We do a lot of different types of training here; obedience, tricks, sports, and reactive dog. Some types require more tools than others, but in most cases, training your dog does not require a lot of expense.
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There is not a lot needed for basic obedience training indoors, a clicker if you like, some treats and you’re good to go! We like to use a harness for more control of our dogs when training outdoors. Since we’ve often had beagles, who are pullers, collars alone have just never worked for us. In addition, I worry about them slipping over their heads (because it’s happened!).
Training obedience outdoors, especially things like heeling and loose leash walking, can be so much easier with a hands free leash, and the Umbilical Belt* is still our favorite. Having my hands free for treating, and especially when walking multiple dogs is important to me. You can read our full review by clicking here.
Clickers! I’ve shared about our Clik Stik before, and that is still my favorite clicker. It extends out with a ball on the end which is a great help with target training. You don’t need a clicker for training though, they can be tough to coordinate at times; your voice saying “Yes!” can work just as well. Luke just seems to learn and respond quicker with a clicker, but we usually only need it at the beginning of training.
A treat bag comes in so handy for handing out those treats when you’re training. My PetSafe treat pouch goes right around my waist so the treats are handy and, again, having hands free is a great convenience!
Each sport requires its own equipment. Our sport of choice right now is Nose Works, and the things we needed were a scent kit, consisting of:
- Boxes and plastic containers for hiding scents in. Plastic containers can be cheap at the dollar stores and boxes can be free – ask at your local retail stores or check at your post office.
- Tins, with and without holes and/or magnets for attaching to metal objects. There are also hang on hide containers. The scents go inside the metal containers and then inside the above or hidden/attached around your training location.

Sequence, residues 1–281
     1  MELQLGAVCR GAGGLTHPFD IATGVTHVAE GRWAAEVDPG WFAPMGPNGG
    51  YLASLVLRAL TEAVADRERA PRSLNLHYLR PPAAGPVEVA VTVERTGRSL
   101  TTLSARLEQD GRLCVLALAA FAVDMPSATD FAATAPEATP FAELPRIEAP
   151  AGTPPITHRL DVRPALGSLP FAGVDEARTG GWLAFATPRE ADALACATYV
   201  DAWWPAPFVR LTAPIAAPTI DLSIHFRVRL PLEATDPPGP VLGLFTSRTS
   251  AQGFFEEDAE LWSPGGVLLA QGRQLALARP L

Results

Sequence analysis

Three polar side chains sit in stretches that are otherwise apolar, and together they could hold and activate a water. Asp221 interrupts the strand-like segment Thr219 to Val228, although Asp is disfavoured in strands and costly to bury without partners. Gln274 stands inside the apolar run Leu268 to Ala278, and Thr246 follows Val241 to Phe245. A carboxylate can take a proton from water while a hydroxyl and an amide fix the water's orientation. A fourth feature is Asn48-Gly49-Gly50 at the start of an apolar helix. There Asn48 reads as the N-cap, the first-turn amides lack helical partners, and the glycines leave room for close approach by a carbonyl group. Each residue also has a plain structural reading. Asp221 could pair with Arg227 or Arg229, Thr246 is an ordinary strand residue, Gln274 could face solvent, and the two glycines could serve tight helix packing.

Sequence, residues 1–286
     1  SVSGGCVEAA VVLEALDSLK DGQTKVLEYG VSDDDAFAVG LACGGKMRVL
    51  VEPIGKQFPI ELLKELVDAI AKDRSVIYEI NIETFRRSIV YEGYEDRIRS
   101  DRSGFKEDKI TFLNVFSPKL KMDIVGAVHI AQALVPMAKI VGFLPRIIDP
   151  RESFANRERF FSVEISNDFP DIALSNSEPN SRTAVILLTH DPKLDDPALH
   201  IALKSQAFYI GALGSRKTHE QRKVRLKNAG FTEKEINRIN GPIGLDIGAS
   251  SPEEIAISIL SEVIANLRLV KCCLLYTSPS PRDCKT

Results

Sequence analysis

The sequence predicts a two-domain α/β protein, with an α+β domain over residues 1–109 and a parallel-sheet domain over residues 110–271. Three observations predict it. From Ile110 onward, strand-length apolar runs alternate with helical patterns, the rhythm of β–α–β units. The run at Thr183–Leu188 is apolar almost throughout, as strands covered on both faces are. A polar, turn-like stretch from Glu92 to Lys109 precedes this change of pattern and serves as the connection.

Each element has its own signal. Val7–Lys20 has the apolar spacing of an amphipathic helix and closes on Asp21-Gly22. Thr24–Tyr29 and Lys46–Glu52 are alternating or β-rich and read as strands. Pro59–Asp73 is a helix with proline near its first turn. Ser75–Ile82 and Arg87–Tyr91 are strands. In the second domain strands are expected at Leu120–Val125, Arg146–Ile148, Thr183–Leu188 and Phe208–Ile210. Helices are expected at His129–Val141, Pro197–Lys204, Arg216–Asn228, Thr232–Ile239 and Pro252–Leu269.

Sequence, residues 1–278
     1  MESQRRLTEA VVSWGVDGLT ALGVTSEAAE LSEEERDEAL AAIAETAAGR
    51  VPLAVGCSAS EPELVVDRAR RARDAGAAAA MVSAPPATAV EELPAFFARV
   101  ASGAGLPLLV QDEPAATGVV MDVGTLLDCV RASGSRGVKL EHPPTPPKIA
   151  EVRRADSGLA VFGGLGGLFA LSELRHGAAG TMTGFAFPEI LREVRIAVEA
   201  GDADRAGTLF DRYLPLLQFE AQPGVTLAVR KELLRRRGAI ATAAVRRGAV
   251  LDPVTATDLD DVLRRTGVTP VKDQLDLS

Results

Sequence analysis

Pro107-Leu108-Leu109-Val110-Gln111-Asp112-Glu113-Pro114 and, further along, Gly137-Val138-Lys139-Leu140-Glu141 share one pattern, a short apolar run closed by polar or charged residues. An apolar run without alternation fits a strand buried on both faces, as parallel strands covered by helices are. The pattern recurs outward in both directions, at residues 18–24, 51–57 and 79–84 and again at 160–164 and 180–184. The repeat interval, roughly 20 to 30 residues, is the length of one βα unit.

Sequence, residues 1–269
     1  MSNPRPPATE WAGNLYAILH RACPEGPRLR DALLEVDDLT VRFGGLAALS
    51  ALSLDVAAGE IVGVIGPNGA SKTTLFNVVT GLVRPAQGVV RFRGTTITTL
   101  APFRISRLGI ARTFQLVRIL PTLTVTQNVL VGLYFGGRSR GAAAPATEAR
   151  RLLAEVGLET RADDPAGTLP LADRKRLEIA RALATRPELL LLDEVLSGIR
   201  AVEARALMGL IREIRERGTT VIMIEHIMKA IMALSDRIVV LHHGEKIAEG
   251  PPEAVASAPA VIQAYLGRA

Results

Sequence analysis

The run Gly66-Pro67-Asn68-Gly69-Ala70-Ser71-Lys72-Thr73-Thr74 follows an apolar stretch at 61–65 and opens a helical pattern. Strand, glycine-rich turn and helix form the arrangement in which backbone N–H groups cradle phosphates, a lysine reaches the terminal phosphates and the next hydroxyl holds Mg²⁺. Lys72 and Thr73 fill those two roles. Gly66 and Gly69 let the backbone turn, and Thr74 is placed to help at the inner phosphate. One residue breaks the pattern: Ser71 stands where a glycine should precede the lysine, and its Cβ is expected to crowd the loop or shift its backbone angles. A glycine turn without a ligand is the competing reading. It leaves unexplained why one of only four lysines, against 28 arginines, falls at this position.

- A target odor kit (we’re only using birch right now), and glass jars for storing the scented q-tips in.
- You can buy whole kits* of the above supplies together through amazon or other specialty websites like K9 NW Source or Paws 4 Fun.
Once we advanced along, I also got a special harness and biothane leash for Luke. When I get these out, he knows what we’re going to do, and they are for nose works only! They will be very important if we ever decide to compete as well. Now, this harness, from ComfortFlex*, I LOVE. It is so easy to put on and seems quite secure (though we haven’t put it to the test as far as that goes). I wish I could get another for walking, but I don’t want to confuse Luke. I wonder if a different color would make it different to him? We got our leash through All K-9.
Crates, gates, and muzzles. When working with a reactive dog, management can be key. Constantly putting them in situations that make them uncomfortable can be overwhelming. Luke always needs a safe place to go when strangers come to our home. He can either be gated* in our bedroom, in his crate*, or hopefully in the future out with people, but with his muzzle* on until we know he can be trusted with someone.
In addition, when having work done on our home, I can also put Cricket in the bedroom with Luke to keep her safe. While there is a door we can close, I want Luke to get used to hearing and seeing people. Isolating him completely can be counter-productive as well. If I know people will be passing the room a lot, I’ll also put the crate in front of the gate so he doesn’t jump on it.
Last but not least, for each of these categories, treats are essential for all forms of training! We use a variety, even mixing kibble in with higher value treats. Zuke’s*, Stewart’s*, and Nature’s Logic* are some of our favorites. You have to figure out what works best with your dog to get the best response. When starting something new, we’ll use higher value treats, but as Luke learns something, we can start mixing in more kibble; which can save on calories. We reduce quantities in meals when we’re doing a lot of training too; we want to keep our dogs at a healthy weight!
There are a couple other tools that can be key in training, and they are things you can’t buy at a store or online. You need lots of patience (more for some dogs than others!) and you need to be lavish in your praise. I think it comes naturally when you love your dog and are proud of them. Some dogs respond to praise just as well as edible treats. We use praise a lot when we’re reinforcing things during every day life. If Luke listens to us when we say “leave it” when he’s barking at something (like a dog on TV), we praise him profusely along with pets, hugs and kisses. It’s easier than getting up to get a treat, if it works for your dog, and you don’t have to worry about those added calories!
Do you have any favorite training tools? Tell us in the comments below!
We are pleased to be co-hosting the Positive Pet Training blog hop with Tenacious Little Terrier and Travels with Barley. Please join us in this hop by posting your positive pet training stories, it is open through Sunday. This month’s theme is “Training Tools” but you may share any positive pet training story! Please enjoy the posts below as well.